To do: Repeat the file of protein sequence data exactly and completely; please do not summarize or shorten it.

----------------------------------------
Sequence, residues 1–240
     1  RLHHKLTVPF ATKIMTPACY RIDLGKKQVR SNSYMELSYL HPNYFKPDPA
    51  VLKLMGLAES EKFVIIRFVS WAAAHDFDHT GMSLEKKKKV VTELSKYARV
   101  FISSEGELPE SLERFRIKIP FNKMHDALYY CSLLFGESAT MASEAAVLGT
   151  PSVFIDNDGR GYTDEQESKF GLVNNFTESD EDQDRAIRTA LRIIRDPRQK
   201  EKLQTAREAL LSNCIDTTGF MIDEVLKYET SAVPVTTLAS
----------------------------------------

Sequence, residues 1–240
     1  RLHHKLTVPF ATKIMTPACY RIDLGKKQVR SNSYMELSYL HPNYFKPDPA
    51  VLKLMGLAES EKFVIIRFVS WAAAHDFDHT GMSLEKKKKV VTELSKYARV
   101  FISSEGELPE SLERFRIKIP FNKMHDALYY CSLLFGESAT MASEAAVLGT
   151  PSVFIDNDGR GYTDEQESKF GLVNNFTESD EDQDRAIRTA LRIIRDPRQK
   201  EKLQTAREAL LSNCIDTTGF MIDEVLKYET SAVPVTTLAS